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Cost Accounting: Everything You Need to Know

August 30, 2023
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Understanding the cash flow of your business – both in terms of incoming cash and expenditures – is crucial if you hope to succeed in any competitive modern market. That’s why you, as a business owner, need to understand cost accounting.

Cost accounting is an effective way to learn how your business is set up and how it uses money. Today, we’ll break down cost accounting, the types of cost accounting you can perform, and when you should practice cost accounting with specific examples.

What Is Cost Accounting

Cost accounting is managerial accounting that looks at a company’s production costs by considering the variable costs and fixed costs at each step of the production process. 

Cost accounting is not GAAP-compliant, so it can only be used for internal decision-making.

History Of Cost Accounting 

Modern cost accounting is believed to have started during the Industrial Revolution in the late 1700s when steel and metal manufacturers had to start tracking their fixed and variable costs to improve their production process. 

It allowed railroad and steel manufacturers to control costs, become more efficient, and make better pricing, investments, and development decisions. 

Since the onset of the 20th century, cost accounting has become widely used for better financial management. 

Principles Of Cost Accounting

Cost accounting systems are used to identify, measure, and record all fixed and variable costs associated with the production process. This information can be used to compare input costs to output results, which can help businesses make better financial decisions and improve their bottom line. Here's a breakdown of all the costs incurred in managing an organization:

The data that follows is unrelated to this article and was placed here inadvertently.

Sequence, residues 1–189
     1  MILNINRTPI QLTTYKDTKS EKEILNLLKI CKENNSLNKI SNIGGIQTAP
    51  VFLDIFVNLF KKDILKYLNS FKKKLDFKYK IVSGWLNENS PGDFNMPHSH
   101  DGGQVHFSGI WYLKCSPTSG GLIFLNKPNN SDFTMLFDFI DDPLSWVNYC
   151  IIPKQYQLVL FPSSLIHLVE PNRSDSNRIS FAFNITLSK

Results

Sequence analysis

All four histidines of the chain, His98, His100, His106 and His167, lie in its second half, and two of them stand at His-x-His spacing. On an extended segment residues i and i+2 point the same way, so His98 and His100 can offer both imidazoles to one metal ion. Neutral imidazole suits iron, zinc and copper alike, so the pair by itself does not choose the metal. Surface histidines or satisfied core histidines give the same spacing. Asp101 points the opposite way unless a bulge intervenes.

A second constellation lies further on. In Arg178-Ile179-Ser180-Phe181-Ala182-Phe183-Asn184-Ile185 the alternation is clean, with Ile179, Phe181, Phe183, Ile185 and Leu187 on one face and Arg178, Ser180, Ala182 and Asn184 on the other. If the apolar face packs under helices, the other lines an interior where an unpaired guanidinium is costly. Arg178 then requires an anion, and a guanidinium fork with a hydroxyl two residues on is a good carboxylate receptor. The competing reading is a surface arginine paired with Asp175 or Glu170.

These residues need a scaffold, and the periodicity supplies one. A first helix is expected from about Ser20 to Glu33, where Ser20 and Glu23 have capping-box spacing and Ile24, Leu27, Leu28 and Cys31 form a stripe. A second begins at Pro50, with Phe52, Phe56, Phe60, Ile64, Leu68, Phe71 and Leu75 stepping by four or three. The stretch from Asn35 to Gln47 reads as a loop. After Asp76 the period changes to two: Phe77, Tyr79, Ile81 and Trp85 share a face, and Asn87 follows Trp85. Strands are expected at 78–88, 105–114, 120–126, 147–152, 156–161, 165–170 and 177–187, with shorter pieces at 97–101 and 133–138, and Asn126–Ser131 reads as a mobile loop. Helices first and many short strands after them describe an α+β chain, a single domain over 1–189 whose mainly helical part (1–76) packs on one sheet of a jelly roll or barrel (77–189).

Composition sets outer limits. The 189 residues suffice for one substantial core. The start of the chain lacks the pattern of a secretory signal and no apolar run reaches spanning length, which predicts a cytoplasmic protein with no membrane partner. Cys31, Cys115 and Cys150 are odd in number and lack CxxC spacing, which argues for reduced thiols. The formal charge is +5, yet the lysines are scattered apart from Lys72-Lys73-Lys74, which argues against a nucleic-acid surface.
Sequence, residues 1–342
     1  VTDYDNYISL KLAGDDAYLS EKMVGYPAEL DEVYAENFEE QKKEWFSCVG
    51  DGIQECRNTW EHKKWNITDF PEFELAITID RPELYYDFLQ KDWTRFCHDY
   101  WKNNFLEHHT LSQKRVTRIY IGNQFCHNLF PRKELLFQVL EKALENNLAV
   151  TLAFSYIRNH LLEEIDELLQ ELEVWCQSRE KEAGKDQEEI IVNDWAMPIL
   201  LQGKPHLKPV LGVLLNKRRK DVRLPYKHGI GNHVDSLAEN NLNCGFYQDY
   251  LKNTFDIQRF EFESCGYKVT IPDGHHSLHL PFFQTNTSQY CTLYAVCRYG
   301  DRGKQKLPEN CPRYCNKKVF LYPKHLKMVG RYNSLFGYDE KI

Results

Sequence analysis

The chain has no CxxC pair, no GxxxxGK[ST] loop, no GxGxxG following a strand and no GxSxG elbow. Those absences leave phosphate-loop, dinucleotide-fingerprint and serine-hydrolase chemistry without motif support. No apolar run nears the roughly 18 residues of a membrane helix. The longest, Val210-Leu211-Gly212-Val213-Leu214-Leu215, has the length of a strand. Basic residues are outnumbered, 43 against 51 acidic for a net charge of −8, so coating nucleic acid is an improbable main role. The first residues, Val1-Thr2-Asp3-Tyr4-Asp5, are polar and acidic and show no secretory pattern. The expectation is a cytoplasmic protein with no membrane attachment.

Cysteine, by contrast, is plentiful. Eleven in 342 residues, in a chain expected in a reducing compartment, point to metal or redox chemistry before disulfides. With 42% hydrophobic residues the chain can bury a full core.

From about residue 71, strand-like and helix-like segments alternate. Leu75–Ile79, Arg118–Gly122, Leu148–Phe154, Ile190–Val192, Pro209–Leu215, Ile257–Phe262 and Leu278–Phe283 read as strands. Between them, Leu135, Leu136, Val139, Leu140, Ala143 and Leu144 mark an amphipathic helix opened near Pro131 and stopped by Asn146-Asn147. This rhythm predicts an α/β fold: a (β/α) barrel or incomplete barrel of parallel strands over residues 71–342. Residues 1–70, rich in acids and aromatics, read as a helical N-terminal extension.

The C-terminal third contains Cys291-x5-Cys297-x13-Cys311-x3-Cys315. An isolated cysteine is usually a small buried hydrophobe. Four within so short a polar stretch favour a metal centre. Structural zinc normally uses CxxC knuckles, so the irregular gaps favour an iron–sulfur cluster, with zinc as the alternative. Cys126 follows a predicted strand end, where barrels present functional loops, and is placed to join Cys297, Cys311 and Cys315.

• Fixed costs, which do not vary based on your level of production. Leases and mortgage payments are good examples.
  • Variable costs, which are tied to your level of production. For instance, if you run a seasonal business, your variable costs will increase during the run-up to your peak season and then decline for the rest of the year.
  • Operating costs are any day-to-day expenses of running your company (e.g., short-term supply purchases, employee salaries, etc.). Tracking these expenses is always a good idea.
  • Direct costs are any costs that are associated with producing a product directly. For instance, if you run a restaurant business and spend five hours preparing meals, the direct costs of those finished products include the labor hours for your workers and the costs of the ingredients needed to create those meals.
  • Indirect costs are any costs that can't directly be linked to the production of products. A good example might be the bill for the ovens you use in your restaurant business to create delicious food.

Cost Accounting vs Financial Accounting

Cost accounting and financial accounting are two branches of accounting that track and report financial information about a business. However, they have different purposes and users.

Cost accounting systems are used to track and report the costs of goods or services produced or provided by a business. It is used by internal decision-makers, such as managers, to make decisions about pricing, production, and other aspects of the business. It is not GAAP compliant and cannot be used for external purposes.